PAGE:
Ok, runs the thinking, then one of the parties has to go away: "I know!" chimes the chorus: "The Democrats! Let's make the Democrats go away! I don't like them! They make me sick!"

How... intriguing.

So I point out that we have two wings or branches of a single Corporate Party to choose from right now, and the only viable choice a voter has when one of the Parties is unsatisfactory is the other party. One of the Parties, the Republican Party, is psychotic, demonstrably dangerous, bloodthirsty, rapacious, etc, etc. The other one, the Democrats, is their enabler. So you want the Democrats to go away?

Why not have the psychotic Republicans go away instead?

It's like a new and impossible thought for many people. The idea of disposing of the Dems once and for all is easy to grasp, it seems. They are so disappointing they deserve to expire. "At least with Republicans, you know what you're getting." OK... but they are psycho, certifiable, deeply dangerous.

Why keep them around?

"Well, you just can't 'exterminate' the Republicans! Anyway, there will always be bloodthirsty psychos in politics! It's the way things are!"


In most civilized societies, bloodthirsty psycho political parties aren't even allowed to begin with. This has to do with something that happened a while back, which fewer and fewer are remembering, when some bloodthirsty psycho parties rose to power in Europe and Asia, primarily, but they have also done their dirty work elsewhere, and commenced to... erm... "misbehave" as is their nature. Leading to, oh I don't know, genocide, mayhem and World War among other things. Psycho parties are dangerous not just on the micro scale of countries, but globally.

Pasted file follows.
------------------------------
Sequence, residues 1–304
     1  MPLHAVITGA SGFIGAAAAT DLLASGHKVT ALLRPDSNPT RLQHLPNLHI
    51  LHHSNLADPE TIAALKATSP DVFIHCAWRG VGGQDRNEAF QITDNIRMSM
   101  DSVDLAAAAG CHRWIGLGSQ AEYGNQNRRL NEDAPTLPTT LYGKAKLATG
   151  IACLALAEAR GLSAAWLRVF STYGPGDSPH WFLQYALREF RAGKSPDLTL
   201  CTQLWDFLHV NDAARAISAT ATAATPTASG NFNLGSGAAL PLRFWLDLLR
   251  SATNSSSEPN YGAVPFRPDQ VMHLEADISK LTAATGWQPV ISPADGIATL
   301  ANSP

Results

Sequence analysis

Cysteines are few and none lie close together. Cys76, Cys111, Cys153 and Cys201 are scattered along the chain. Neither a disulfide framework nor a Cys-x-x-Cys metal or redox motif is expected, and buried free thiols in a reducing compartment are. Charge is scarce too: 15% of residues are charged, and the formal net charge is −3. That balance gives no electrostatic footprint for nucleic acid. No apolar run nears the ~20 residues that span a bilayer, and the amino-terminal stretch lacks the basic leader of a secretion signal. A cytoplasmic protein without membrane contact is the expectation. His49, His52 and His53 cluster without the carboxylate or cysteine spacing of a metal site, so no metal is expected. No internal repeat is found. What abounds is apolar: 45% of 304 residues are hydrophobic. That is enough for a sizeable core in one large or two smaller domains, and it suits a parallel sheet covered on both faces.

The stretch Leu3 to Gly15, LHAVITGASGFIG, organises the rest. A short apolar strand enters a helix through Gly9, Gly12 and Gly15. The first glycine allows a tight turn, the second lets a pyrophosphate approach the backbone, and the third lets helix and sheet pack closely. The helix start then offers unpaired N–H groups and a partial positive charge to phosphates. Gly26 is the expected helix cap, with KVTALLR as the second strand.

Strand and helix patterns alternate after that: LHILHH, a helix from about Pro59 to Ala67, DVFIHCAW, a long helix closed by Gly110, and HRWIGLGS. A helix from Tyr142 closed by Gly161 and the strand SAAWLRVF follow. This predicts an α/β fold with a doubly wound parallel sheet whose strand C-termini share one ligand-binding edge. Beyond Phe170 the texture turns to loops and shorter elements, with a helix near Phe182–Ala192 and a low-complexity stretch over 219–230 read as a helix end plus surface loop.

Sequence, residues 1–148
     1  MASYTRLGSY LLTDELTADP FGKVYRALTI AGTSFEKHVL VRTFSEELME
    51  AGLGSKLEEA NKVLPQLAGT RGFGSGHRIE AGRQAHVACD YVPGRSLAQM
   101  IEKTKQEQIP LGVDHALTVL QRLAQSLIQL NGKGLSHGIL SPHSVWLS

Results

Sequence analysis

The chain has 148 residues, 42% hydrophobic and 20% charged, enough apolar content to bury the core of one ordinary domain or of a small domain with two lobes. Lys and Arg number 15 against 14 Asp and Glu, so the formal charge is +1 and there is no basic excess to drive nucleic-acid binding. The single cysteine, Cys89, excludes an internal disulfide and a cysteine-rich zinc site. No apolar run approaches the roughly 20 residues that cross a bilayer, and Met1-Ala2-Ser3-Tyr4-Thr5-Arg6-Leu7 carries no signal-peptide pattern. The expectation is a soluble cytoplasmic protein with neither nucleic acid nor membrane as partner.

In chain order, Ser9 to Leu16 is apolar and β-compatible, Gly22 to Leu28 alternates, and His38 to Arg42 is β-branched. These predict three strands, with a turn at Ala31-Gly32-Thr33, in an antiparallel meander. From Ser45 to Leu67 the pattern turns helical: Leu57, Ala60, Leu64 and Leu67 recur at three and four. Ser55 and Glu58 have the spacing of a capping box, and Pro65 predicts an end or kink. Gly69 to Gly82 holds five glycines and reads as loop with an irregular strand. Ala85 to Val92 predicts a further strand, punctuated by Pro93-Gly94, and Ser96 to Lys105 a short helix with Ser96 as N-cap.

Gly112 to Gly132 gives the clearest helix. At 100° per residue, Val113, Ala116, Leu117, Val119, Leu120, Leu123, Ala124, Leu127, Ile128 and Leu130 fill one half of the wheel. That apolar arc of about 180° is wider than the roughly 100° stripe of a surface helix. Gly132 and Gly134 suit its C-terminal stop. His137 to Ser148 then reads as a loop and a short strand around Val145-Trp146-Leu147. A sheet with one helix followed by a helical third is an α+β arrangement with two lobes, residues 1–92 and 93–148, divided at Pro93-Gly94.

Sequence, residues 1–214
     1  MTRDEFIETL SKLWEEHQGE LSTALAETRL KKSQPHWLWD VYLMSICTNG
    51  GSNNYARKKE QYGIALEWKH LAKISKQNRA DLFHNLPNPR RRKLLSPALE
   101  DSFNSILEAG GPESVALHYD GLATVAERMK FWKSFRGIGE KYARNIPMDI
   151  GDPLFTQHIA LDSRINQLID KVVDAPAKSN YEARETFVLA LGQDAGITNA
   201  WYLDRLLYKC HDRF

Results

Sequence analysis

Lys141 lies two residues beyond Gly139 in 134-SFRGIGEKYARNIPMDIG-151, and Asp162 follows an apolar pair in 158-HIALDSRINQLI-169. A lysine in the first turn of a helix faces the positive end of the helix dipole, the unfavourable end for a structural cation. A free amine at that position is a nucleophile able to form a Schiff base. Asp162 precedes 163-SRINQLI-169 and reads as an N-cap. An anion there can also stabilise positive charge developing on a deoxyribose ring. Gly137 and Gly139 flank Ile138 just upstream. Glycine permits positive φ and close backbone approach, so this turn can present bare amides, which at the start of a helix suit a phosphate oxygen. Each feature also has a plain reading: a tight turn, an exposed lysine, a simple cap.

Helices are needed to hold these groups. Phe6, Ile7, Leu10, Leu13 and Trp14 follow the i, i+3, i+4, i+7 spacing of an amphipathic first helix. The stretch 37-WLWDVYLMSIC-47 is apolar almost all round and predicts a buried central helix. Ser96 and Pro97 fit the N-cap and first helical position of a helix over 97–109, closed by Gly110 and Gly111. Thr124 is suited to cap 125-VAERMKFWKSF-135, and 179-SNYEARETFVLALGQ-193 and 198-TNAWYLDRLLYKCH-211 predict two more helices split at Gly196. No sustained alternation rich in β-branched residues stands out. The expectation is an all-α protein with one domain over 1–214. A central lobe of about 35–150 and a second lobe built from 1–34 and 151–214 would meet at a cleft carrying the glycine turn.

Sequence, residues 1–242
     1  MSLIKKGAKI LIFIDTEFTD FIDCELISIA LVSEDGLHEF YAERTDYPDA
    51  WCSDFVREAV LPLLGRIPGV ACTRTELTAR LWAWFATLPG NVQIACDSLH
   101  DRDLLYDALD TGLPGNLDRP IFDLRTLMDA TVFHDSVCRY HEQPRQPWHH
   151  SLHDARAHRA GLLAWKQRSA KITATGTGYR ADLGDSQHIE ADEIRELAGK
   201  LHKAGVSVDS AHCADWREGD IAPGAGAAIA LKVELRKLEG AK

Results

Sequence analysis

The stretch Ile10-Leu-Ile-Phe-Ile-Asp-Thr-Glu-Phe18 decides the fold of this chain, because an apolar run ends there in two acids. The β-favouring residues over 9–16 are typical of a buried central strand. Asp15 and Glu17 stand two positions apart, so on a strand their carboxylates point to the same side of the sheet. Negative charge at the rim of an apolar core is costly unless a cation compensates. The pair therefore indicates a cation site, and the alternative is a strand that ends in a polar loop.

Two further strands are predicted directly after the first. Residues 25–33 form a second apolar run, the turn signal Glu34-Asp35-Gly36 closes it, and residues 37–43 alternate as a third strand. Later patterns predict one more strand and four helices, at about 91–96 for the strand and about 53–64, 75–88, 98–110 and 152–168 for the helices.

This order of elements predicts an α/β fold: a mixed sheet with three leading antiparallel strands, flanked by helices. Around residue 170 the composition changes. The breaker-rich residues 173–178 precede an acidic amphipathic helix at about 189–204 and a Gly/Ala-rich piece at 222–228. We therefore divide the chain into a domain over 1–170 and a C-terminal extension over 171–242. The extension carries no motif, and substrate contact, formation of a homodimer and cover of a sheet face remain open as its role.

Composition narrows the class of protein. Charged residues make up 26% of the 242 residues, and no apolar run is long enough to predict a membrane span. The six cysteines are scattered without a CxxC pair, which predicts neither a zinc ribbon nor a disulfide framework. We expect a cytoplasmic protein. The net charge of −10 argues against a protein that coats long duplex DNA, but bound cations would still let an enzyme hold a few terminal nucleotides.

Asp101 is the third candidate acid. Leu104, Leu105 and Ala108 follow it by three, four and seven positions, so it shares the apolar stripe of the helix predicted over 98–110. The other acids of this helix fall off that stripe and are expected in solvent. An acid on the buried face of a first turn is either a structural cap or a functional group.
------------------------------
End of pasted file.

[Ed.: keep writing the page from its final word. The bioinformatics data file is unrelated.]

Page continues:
We've had experience.

Thus, most civilized societies today ban psycho parties outright.

Yet our psycho Republican Party is constantly indulged, not just by Democrats but by practically everyone. Why?

Why would anyone think that if our current political conundrum calls for the creation of a New Party, in a two party system, the one party that should expire is the "enabling" party, not the "psychotic" party?

This makes no sense, none at all.

It's self evident (at least to me) that if the psychos were locked up and their party was eliminated, the enablers wouldn't have to... enable that psychosis any more and might be free (yay! freedom!) to be and do what they want to be, which is apparently to become the Good-Burgher Moderate/Conservative Technocrat/Manager Party. Of the Republic.

In other words, pretty much what Republicans were in the 1950s.

So my proposal is that we work to get rid of Republican-psychotics, let the Democrats be the Moderate/Conservative Party they really, really, really want to be, in other words, let them become the Right Wing of our political spectrum, the sole (and perhaps appropriate) Corporate Party, and let us build a New Party by coalescing the many leftish "third parties" (Greens, Progressive Labor, Socialists, etc.) into a single People's Party (of the Republic) and go from there.